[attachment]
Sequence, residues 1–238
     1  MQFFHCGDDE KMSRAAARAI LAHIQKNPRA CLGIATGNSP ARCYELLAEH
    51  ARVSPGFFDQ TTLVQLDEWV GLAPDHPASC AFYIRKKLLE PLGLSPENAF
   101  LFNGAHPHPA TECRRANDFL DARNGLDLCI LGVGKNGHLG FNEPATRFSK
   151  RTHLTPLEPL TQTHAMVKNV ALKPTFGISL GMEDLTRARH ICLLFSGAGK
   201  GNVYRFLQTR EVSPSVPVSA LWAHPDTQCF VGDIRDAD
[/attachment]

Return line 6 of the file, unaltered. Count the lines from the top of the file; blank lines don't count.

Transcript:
   201  GNVYRFLQTR EVSPSVPVSA LWAHPDTQCF VGDIRDAD